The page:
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Last updated on April 9th, 2020 at 08:34 pm
Sometimes the gap between objects or parts can be bigger or smaller than required and it can be catastrophic. This applies especially to systems or subsystems that need precision measurement between them or their parts. A perfect example is a car engine. It has several parts that seem flush or in contact with each other while in reality, some have small gaps between them. If these gaps are ignored during an engine rebuild exercise, they can cause poor engine performance. For example, an incorrect engine valve clearance can cause the engine to run rough. This is why you need a precision tool such as a feeler gauge for valve clearance. Feeler gages are also useful for measuring the flatness of engine surfaces such as the cylinder head and setting up a guitar’s Action among other uses.
What is a Feeler Gauge?
A feeler gauge is a precision-measurement tool used to measure the thickness of very narrow gaps and the flatness of surfaces. It consists of either a stack of metal sheets or wire strips of known thickness or gauge. There are different types of feeler gauges. The most common types are the steel feeler gauges, brass feeler gauges, and wire feeler gauge.
Types of Feeler Gauges
- Steel Feeler Gauge Set
As the name goes, steel feeler gauges are made of steel. However, for increased strength and flexibility, they are mostly made out of tempered carbon steel or stainless steel. Others are alloys of manganese. Comparatively, the stainless steel feeler gauges are superior to other varieties of steel gauges because they do not rust. The others, if not properly oiled rust very quickly.
- Brass Feeler Gauge Set
This thickness gauge tool has brass leaflets. The non-ferrous property of brass makes the gauge suitable for applications where there is a magnetic field. Unlike steel gauges, the brass leaflets do not stick to magnets thus allowing you to work effectively in magnetic fields.
- Round Wire Feeler Gauge
A wire-type feeler gauge is fondly known as a gapping tool. It is made of wire loops of calibrated sizes. Although it can be used like other feeler gages, this tool is mostly used to gap spark plugs. Its small size and a limited number of gauge sizes make it unsuitable for other applications of thickness feelers.
5 Best Feeler Gauge Gap Measuring Tools
|Proto J000TL 25 Blade Long Feeler Gauge Set||Starrett 66B Thickness Gage Set With Straight Leaves||Precision Feeler Gauges||ABN Universal Standard SAE and Metric Offset Valve Feeler Gauge||Hotop Steel Feeler Gauge Dual Marked Metric and Imperial Gap Measuring To|
|Buy from Amazon||Buy from Amazon||Buy from Amazon||Buy from Amazon||Buy from Amazon|
|Number of Leaves/blades||25 blades||31 leaflets||32 Leaves||16 blades||32 blades|
|Design||Straight set||Straight set||Straight set||Angled set||Straight set|
|Range||.0015" - 0.040"||0.0015" - 0.035"||0.0015" - 0.035"||0.05" - 0.019"||0.0015" - 0.035"|
|Buy from Amazon||Buy from Amazon||Buy from Amazon||Buy from Amazon||Buy from Amazon|
25 Blade J000TL Proto Feeler Gauge Long
Proto feeler gauge set has 25 blades bound within a steel blade holder. Each blade is 12 inches long and 1/2 inches wide with the thickness size laser-etched on one side in both empirical and metric units. However, the main scale is empirical.
This super long feeler gauge is most suitable for measuring gaps in very tight spaces. Furthermore, when the tips of the long feeler leafs start to wear down, you can just cut the end off and still remain with adequate length to allow you to carry on with measuring. This makes proto the best feeler gauge on the market.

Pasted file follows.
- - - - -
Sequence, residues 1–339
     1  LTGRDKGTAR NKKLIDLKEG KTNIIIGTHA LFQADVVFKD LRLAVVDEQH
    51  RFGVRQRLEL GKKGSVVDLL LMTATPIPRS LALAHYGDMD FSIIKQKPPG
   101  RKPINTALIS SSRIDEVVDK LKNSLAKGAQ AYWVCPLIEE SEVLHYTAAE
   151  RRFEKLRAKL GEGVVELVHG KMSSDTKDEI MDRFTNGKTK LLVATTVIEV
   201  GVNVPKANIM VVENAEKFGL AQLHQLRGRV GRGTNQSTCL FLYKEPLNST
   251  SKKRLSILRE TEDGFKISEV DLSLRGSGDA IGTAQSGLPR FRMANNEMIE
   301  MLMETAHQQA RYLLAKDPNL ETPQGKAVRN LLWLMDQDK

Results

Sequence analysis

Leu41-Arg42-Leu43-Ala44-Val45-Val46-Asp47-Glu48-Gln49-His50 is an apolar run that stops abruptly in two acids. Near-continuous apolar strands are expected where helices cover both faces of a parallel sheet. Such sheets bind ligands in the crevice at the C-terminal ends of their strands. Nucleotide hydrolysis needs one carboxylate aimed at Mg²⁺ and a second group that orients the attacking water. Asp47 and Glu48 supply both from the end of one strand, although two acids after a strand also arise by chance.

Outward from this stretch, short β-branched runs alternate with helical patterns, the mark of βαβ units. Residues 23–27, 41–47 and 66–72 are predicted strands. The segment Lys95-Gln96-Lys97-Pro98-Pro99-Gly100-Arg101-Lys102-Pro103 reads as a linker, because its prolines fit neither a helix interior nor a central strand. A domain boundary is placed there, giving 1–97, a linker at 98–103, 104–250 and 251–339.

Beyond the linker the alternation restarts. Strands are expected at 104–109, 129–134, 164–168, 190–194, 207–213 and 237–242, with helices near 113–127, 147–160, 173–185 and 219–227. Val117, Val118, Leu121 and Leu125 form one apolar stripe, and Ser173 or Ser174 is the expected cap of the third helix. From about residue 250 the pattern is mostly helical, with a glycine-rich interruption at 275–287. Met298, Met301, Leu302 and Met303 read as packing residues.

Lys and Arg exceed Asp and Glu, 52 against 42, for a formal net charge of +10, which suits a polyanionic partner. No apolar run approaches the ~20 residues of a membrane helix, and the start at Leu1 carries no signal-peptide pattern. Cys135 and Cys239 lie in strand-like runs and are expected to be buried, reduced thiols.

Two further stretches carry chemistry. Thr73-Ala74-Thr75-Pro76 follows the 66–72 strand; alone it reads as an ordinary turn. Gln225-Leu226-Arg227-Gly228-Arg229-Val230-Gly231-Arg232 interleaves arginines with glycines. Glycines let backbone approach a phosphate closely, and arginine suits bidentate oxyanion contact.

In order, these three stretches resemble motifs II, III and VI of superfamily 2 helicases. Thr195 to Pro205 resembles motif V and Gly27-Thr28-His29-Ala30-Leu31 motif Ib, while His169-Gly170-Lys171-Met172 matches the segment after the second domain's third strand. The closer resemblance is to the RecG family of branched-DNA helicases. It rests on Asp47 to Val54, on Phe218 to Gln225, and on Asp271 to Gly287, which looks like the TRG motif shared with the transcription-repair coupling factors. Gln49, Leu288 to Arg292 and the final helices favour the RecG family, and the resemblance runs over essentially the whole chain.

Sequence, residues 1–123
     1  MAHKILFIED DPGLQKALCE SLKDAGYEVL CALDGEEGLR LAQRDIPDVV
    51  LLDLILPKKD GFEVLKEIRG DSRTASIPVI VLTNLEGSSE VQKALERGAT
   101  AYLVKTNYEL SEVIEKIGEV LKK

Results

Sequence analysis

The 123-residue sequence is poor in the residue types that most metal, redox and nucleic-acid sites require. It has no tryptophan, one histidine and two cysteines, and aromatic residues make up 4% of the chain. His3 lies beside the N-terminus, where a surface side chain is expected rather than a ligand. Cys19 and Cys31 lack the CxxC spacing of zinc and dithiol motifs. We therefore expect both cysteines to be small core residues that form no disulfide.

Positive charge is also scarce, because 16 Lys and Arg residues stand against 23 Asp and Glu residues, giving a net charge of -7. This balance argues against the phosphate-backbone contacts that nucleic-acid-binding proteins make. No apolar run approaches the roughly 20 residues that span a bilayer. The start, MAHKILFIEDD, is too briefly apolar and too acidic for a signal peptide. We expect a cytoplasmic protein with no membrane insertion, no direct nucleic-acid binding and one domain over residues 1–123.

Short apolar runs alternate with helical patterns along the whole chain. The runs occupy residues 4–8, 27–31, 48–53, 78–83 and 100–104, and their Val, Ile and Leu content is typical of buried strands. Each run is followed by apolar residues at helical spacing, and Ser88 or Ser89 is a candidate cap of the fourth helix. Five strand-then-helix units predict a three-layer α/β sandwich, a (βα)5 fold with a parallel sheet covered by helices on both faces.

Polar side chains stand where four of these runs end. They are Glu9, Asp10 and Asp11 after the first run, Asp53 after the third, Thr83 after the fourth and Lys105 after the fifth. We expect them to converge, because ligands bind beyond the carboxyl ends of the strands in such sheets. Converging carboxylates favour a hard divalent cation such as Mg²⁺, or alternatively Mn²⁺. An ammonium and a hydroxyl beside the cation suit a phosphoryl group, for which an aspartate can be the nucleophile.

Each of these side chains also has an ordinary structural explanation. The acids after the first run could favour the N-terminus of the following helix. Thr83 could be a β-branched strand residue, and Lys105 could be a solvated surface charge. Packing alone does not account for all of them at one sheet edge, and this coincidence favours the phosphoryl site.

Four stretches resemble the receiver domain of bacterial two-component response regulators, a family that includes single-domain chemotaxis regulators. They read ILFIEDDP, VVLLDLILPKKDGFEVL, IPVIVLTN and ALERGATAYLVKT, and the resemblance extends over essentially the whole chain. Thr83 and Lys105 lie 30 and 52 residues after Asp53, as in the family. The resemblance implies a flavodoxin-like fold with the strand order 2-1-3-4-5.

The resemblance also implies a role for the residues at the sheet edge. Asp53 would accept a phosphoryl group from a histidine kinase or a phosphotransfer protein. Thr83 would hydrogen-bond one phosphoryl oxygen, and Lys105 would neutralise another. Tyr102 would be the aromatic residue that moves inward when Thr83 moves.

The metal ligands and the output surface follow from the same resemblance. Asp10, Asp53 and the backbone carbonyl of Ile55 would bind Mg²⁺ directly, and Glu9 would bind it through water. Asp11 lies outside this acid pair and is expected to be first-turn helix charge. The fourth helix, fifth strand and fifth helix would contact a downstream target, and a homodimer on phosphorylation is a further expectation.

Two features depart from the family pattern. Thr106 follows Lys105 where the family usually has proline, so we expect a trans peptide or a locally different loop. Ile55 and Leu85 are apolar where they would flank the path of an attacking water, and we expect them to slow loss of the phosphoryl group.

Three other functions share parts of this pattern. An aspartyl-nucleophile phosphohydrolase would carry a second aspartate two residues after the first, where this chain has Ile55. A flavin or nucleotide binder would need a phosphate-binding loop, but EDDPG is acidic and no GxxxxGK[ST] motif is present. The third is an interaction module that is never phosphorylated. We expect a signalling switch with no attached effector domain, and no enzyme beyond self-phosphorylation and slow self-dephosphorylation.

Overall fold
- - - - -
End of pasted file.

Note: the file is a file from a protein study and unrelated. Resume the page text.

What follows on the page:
Verdict: Although a little bit pricey, the proto feeler gauge is a great precision measurement tool, especially for long reach measuring. It is ideal for applications such as measuring the flange gap during pipe stress, valve adjustment on horizontal engines (such as the boxer engines), and blower lobe clearance among other applications.
Starret Thickness Gage Set – 31 Leaves
The Starret thickness gage set is one of those tools that represent the American manufacturing. The feeler gauge is made from very high quality tempered steel and offers a ton of leaf thicknesses. Each feeler leaf is accurately cut and has a well rounded end. It is also very flexible and well-tempered to avoid breaking or bending permanently. The gauge body, on the other hand, is hardened to securely protect the blades from impact inside the tool box.
All the 31 blades are held together by a locking device that can be tightened to securely lock the blades inside the steel body. The locking mechanism can also be loosened using the thumbscrew to allow the blades to be retrieved smoothly during use. Each blade measures 1/2″ by 3 1/32″ and the leaf thicknesses range from 0.0015 inches to 0.035 inches covering the most useful sizes. The thickness size is laser-printed on one side, making leaf selection very easy.
Verdict:Bottom line, the starret feeler gauge is perfect for measuring thickness of clearances. Its price, however, is quite restrictive but its accuracy is unquestionable making it an ideal thickness gauge for pro-engine builders and machinists or regular mechanics. Like the other steel feeler gauges, the starret should also be soaked in light oil to prevent rusting. This simple care will make it last a lifetime with regular use.
Precision Feeler Gauge – 32 blades
The precision feeler gauge features a set of 32 blades bound together by a screw and nut within a blade protector. The protector is made of stainless steel and has a small thumb notch to aid removal of blades, just like the other thickness measurements sets reviewed so far. Although this Precision thickness gauge kit has little gauges that only measure 3.5 inches in length, it is good enough to get most of the gap measuring job done.
Notably, one of the feeler leafs is made of brass while the rest are made of 65 managenese steel. This brass thickness gauge, also called non-ferrous blade, is useful for adjusting electronic ignition – air gap on some old car models. The other blades can be used to measure clearances of engine valves and for other common applications such as measuring spark plug gaps, piston ring gaps, and the gap between the curvature of the fretboard and neck when tuning a guitar.